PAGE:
November 2, 2012 § Leave a comment
We may joyfully believe that there was, that there is, one to whom no human suffering and no human sin is strange, and who in the profoundest love has achieved our redemption. It is such joy in Christ, the Redeemer, that alone protects us from the dulling of our senses by the constant experience of human suffering and also from accepting as inevitable the suffering in the spirit of resignation.
Dietrich Bonhoeffer, Letter to the Brethren at Finkenwalde, 1942
This week, sitting in Starbucks was more than about burrowing in my preferred writing spot. It was also due to the fact that our office was closed and without electricity since Monday, when Hurricane Sandy hit Maryland. Only late yesterday power restored. Fortunately our Staff found creative ways to meet, study and work in spite of the circumstances.
We got off easy. The devastating consequences of Sandy’s wrath in states like New Jersey and New York will yield decades of aftereffects and sorrow. Loss of life has been high, and is climbing. Homes were demolished and entire communities obliterated by water, wind and fire. The sorrow that comes through in news stories and interviews is almost too much for Katherine and I to bear.
Having lived through hurricanes, and having experienced two historic floods in Mississippi during college and grad-school years, I can tell you that there is nothing romantic about going through something like this. Jobs will be lost. Lives will be altered. Families will walk away from their homes, never to return. Relationships will be tested to the brink. Opportunists will exploit desperate people. The world many know will never be the same.
When Hurricane Andrew demolished much of the southern hemisphere of Miami in 1991, a friend (and one of my models for leadership), Ray Goode, the one-time City Manager, along with another city leader, decided to launch a campaign called, ‘We Will Rebuild.’ They rightly resolved that the city was worth restoring, and so as he dealt with the devastation on his own block, Ray led Miami in an effort that was nothing short of Herculean.
Relief is more than a physical dynamic. It is a resolve. And it is something that doesn’t happen effectively in a vacuum and without a larger community of people committed to something greater than themselves. The most enduring and effective relief efforts happen when broken people recognize their own condition in the lives and events of others, and then act on them – together.
A long time ago I discovered something about Jesus that I might not have guessed in my ‘neat’ and ‘responsible’ universe. As you follow Him, and observe how He is constantly confronted by the pathos of people who bear the effects of a fallen world, you discover that He only ever offers relief. What I mean is that He doesn’t ask how something happened, never ascribes blame, and makes no demands – He simply relieves burdens. His response to brokenness is never conditional.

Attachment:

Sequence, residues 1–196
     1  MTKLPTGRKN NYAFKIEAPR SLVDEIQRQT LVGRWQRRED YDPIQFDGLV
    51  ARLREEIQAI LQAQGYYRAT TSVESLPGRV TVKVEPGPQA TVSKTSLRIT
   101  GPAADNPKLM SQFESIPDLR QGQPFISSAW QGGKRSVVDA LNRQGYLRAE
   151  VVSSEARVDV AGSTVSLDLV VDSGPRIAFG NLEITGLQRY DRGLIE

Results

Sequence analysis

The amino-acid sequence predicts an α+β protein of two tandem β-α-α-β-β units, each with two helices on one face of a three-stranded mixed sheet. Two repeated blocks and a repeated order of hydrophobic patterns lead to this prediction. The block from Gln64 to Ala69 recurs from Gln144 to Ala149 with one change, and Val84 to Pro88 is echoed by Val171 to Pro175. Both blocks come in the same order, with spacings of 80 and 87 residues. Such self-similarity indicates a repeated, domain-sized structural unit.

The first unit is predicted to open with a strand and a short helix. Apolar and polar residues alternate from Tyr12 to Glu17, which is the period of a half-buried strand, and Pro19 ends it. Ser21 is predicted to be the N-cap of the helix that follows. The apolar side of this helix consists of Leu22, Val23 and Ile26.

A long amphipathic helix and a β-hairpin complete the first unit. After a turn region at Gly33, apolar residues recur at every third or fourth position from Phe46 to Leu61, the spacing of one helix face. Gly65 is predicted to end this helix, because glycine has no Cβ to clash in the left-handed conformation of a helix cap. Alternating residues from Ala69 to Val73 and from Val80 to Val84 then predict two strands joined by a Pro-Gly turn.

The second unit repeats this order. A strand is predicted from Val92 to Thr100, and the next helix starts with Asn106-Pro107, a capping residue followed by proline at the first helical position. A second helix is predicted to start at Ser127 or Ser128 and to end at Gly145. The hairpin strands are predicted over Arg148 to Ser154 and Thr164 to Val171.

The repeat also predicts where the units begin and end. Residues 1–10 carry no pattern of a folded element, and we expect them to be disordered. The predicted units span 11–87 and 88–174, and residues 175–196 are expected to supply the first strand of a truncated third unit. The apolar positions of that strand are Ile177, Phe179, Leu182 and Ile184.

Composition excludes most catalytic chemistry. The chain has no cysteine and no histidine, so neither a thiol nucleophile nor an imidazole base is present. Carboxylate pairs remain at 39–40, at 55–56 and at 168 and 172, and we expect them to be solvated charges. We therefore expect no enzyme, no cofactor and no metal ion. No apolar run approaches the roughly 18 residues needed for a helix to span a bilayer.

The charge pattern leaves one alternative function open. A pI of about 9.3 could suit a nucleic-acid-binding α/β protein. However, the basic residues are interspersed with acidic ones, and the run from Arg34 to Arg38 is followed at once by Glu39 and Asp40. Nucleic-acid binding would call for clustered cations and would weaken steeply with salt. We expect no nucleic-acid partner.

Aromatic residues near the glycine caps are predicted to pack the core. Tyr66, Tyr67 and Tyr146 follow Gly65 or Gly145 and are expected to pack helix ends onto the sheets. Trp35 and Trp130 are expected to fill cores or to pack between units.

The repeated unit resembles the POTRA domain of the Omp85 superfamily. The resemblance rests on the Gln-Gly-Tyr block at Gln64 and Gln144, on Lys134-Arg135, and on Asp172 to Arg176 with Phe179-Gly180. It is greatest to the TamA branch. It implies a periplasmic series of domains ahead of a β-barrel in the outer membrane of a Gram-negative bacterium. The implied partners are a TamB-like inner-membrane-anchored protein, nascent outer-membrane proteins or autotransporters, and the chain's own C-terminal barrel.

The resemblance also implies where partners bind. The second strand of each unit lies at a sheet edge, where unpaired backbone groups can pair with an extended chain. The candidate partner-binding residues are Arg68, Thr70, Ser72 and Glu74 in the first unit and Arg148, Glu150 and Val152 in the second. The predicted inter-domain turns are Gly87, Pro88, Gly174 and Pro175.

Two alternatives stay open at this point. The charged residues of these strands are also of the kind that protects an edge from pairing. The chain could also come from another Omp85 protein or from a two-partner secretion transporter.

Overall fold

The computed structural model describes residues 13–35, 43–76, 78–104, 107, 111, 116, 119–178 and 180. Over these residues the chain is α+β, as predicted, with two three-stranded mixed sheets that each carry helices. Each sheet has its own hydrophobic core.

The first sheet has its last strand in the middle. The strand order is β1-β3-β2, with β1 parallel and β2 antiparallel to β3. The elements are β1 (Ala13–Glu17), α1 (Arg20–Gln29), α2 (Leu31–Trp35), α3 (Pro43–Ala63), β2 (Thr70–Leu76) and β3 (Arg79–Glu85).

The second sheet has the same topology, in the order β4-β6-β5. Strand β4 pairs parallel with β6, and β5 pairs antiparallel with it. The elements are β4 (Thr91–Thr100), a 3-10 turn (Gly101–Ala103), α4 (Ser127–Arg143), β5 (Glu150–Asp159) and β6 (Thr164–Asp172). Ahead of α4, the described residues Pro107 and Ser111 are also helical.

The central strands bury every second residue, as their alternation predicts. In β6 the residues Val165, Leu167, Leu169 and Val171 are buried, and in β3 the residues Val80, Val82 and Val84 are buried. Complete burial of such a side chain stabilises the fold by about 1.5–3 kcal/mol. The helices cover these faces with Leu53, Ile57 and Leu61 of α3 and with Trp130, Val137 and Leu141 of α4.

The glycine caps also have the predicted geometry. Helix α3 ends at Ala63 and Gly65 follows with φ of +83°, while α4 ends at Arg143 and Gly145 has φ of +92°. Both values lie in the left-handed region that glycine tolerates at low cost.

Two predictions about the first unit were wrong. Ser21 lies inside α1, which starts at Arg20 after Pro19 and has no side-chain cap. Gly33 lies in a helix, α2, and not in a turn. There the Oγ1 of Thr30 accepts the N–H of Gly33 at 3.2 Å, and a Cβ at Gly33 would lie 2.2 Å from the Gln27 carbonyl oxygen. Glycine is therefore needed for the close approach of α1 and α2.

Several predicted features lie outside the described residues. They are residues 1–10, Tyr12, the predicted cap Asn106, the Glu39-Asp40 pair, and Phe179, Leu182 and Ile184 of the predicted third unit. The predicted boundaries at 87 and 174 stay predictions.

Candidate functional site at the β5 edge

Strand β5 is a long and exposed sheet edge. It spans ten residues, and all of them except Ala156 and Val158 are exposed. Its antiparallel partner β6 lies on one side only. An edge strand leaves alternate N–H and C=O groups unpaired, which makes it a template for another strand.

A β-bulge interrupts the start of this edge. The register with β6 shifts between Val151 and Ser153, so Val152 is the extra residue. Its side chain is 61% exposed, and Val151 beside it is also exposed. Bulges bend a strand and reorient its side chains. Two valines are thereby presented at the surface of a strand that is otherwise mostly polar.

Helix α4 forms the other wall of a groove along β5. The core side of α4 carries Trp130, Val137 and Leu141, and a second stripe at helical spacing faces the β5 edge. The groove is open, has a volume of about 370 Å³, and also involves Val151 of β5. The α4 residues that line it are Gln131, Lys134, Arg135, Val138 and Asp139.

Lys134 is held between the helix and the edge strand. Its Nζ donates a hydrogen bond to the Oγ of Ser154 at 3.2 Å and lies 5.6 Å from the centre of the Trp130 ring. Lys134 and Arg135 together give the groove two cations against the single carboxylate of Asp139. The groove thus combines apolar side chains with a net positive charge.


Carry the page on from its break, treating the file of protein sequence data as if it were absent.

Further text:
Because the crazy thing is that Brokenness is Jesus’ point of connection with humanity – it is the singular reason for His entrance into our world.
And He wasn’t merely exhibiting His saving power, which would be enough. He was also demonstrating what the Church is called to, and how effective she could be by merely entering into and serving the very broken world Jesus came to save.
Here is the thing: We are connected. All of us. When one person is cut, we all bleed. When one suffers, we grieve together. When a city lies in ruins, we are reacquainted with the reality of our shared condition.
And when there is renewal, as one, we all have cause to celebrate. So we find connection in our shared brokenness. And in relief, together we taste of and share in the good mission of the One who is making all things new.
This is our good news.
If you are looking to help, you can do so directly. Here are two sister church communities that will bring relief where they serve:
1. Brooklyn Presbyterian Church (a community of several congregations):
Brooklyn Presbyterian Church – Mercy Team (make your check payable to this line as well)
174 Prospect Park West
#1L Brooklyn, NY 11215
2. Redeemer Presbyterian Church – Hope for New York
December 14, 2011 § Leave a comment
Tomorrow our daughters leave Pensacola, Florida, where they attend college, for Baltimore, Maryland, where we live. It will be a fourteen-hour drive. They will embark in the early hours of the morning in order to travel into, and remain in the light throughout the trip. Needless to say, we can’t wait for their arrival.